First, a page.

Debut: July 2016

 




   

.: Simon Godfree's 'WMIK' Land Rover and 'Snatch' Land Rover

Brand:

Airfix
# A06301
A03701

Scale:

1/48

Modelling Time:

60 hrs

PE/Resin Detail:

none

Comments:

"Very nicely detailed kits of 'Operation Herrick"' British Forces Land Rovers.

Important to ensure symmetry when constructing chassis as doors didn't fit well and required adjustment.

Also purchased the Infantry Patrol (A03701) for additional interest and for a possible diorama."

Land Rover Wolf

From Wikipedia, the free encyclopedia
Land Rover Wolf
Lrwolf2.jpg
Land Rover Wolf 110 in British military service
Place of origin United Kingdom
Specifications
Weight 2000kg+
Length 4.55 m
Width 1.79 m
Height 2.03 m
Crew 2+6 passengers (GS version (General Service)).

Main
armament
12.7mm heavy machine gun
Secondary
armament
7.62mm general purpose machine gun
Engine Land Rover 300 Tdi engine
111 hp (83 kW)
Power/weight 69 hp/tonne
Suspension Wheel 4×4
Operational
range
510 km
Speed 160 km/h

The Land Rover Wolf is a light military vehicle based on the Land Rover Defender.

Name

The MoD designates the Wolf 90 as Truck Utility Light (TUL) HS and the Wolf 110 as Truck Utility Medium (TUM) HS. Where HS stands for High Specification. Land Rover calls it eXtra Duty (XD).

Initial order

From the debate in British parliament of 18 January 1996:

"The Land Rover vehicle, known commercially as Defender XD, has been subjected to extensive and rigorous trialling in order to ensure that it can meet the high standards of reliability which are essential for operational military vehicles. Therefore, I am pleased to have been able to announce earlier today that, subject to the satisfactory completion of contractual negotiations, I propose to place an order with Land-Rover for about 8,000 vehicles. That order is worth about £170 million. It will bring substantial industrial and employment benefits to Land-Rover, and enhance the vehicle's already excellent prospects in export markets."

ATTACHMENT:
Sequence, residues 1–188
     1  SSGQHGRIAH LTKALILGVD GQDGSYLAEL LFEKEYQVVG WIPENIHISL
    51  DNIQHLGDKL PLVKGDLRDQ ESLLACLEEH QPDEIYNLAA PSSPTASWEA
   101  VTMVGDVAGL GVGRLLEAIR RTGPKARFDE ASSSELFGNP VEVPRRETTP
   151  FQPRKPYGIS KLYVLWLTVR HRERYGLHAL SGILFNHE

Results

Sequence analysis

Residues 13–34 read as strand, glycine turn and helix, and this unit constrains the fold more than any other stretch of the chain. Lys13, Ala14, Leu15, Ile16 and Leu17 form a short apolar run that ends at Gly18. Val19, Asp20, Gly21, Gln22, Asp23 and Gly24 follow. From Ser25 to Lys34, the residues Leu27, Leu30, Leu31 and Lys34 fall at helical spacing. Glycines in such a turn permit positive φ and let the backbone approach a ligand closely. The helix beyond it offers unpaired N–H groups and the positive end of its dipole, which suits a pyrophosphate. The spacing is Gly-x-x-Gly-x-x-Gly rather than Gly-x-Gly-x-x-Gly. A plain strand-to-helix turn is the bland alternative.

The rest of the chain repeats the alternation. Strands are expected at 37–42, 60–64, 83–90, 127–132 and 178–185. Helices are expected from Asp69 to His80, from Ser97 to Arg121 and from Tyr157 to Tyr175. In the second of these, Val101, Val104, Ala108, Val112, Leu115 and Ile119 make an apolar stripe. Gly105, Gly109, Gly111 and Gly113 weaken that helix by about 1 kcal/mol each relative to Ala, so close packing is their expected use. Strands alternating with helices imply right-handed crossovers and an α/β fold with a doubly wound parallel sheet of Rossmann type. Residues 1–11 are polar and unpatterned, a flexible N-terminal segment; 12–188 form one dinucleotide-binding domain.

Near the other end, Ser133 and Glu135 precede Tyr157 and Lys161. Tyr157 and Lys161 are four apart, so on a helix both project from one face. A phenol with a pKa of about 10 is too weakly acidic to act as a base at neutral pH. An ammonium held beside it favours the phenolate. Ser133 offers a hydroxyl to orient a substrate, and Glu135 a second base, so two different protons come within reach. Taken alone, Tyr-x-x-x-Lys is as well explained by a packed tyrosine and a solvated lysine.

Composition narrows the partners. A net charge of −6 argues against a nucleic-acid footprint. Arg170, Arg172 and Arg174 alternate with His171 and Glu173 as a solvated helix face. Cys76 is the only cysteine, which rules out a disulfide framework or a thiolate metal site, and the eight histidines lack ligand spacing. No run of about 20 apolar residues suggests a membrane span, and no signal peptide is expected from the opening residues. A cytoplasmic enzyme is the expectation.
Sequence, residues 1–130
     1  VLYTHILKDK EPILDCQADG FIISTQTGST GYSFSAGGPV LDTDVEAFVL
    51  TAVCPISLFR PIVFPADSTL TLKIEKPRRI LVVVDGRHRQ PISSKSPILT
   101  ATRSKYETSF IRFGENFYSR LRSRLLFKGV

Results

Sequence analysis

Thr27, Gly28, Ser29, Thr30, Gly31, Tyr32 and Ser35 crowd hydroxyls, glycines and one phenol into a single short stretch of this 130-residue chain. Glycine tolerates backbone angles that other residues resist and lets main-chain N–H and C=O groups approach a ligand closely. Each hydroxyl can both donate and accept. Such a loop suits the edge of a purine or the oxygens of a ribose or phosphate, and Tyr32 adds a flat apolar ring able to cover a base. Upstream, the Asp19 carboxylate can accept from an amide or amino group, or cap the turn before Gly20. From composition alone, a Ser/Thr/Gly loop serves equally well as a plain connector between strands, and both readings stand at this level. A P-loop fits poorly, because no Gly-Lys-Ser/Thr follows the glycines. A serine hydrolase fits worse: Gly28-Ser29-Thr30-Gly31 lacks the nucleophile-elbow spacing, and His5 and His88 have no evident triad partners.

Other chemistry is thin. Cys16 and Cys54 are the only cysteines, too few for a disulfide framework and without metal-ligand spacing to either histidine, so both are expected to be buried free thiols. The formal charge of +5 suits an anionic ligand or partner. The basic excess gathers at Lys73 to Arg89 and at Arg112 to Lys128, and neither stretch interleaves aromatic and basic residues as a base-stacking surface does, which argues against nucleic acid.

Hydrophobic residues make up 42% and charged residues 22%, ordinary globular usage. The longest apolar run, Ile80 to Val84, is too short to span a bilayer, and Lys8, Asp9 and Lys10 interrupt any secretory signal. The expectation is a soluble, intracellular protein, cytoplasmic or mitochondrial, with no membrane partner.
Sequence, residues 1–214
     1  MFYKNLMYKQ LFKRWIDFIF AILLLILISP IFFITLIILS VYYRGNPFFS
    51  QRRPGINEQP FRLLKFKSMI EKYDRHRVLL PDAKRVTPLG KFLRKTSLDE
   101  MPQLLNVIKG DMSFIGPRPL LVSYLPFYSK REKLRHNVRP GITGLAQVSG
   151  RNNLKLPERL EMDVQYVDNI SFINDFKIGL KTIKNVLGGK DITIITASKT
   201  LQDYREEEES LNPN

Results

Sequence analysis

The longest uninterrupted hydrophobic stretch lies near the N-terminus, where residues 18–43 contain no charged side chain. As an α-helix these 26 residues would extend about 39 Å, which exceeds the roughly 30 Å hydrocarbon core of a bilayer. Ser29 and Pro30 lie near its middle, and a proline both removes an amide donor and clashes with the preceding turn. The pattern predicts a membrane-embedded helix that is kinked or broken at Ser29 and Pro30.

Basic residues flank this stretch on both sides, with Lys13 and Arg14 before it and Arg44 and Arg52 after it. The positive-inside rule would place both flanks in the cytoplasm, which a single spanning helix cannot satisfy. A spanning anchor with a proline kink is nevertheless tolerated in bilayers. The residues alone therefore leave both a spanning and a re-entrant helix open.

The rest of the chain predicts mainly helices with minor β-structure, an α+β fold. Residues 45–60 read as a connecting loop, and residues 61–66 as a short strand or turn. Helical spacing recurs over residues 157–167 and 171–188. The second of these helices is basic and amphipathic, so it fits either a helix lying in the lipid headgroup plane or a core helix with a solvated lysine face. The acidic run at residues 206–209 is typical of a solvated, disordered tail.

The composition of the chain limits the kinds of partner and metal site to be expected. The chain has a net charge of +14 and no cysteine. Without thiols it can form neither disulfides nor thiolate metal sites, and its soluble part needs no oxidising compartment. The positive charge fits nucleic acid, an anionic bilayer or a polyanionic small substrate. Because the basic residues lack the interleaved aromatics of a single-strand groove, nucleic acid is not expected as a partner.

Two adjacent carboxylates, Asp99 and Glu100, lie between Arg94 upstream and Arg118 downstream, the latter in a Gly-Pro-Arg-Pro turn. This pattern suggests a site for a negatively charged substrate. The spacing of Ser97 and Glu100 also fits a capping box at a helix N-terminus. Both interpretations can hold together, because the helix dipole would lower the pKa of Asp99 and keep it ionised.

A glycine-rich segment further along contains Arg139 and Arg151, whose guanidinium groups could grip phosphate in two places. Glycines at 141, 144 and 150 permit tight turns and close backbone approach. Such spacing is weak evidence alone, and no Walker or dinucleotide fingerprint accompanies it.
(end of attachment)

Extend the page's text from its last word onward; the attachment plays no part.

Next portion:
Design

The Wolf was tested, rejected, upgraded and tested again before the MoD was satisfied. It is far stronger and more reliable than the Land Rover Defender on which it was based.

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Weapons Mount Installation Kit

British Army WMIKs operating in Iraq.

A variant of TUM is the Weapons Mount Installation Kit (WMIK, pronounced ‘Wimik’) for use as reconnaissance and close fire support vehicles. WMIKs are manufactured jointly by Land Rover and Ricardo Vehicle Engineering and feature a strengthened chassis and are stripped down, fitted with roll cages and weapon mounts. Typically the vehicle will carry one 12.7 mm Heavy Machine Gun7.62 mm General Purpose Machine Gun (GPMG) or on occasion the MILAN ATGM, on the rear ring-mount, with an additional pintle mounted GPMG on the front passenger side. In late 2006, the MoD announced it was purchasing 40 new belt-fed Automatic Lightweight Grenade Launchers (ALGL) made by Heckler and Koch (HK GMG) that can fire up to 360 grenades per minute with an effective range of 1.5 km and a maximum range of up to 2.2 km.; they are to be mounted on WMIKs in Afghanistan.

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Snatch Land Rover

From Wikipedia, the free encyclopedia
Land Rover Snatch
Land Rover Snatch-Vixen vehicle 01.jpg
The Land Rover Snatch-Vixen vehicle on show at the Urgent Operational Requirement (UOR) Equipment Demonstration in Salisbury, Wiltshire.
Place of origin United Kingdom
Production history
Unit cost £50,000 + armour [1]
Number built 991 [2]
Variants Snatch-1.5
Snatch-2 12v, LHD
Snatch-2A 24v, RHD
Snatch-2B 24v, RHD
Specifications
Weight 4,050 kilograms (8,930 lb)
Length 4.55 metres (14 ft 11 in)
Width 1.79 metres (5 ft 10 in)
Height 2.03 metres (6 ft 8 in)

Main
armament
none - personal weapons carried by "top cover"
Engine Land Rover 300 Tdi engine
111 horsepower (83 kW)
Power/weight 37 hp/tonne
Suspension Wheel 4×4
Operational
range
510 kilometres (320 mi)
Speed 60 miles per hour (97 km/h)

The Snatch Land Rover is a protected patrol vehicle based on the Land Rover Defender 110 chassis. Intended for general patrolling in low-threat areas, it is the successor to the Truck Utility Medium (TUM) with Vehicle Protection Kit (VPK). The vehicle was developed in 1992 for use in Northern Ireland. It provides some degree of small arms protection for occupants and a limited level of protection from Improvised Explosive Devices and off-route mines.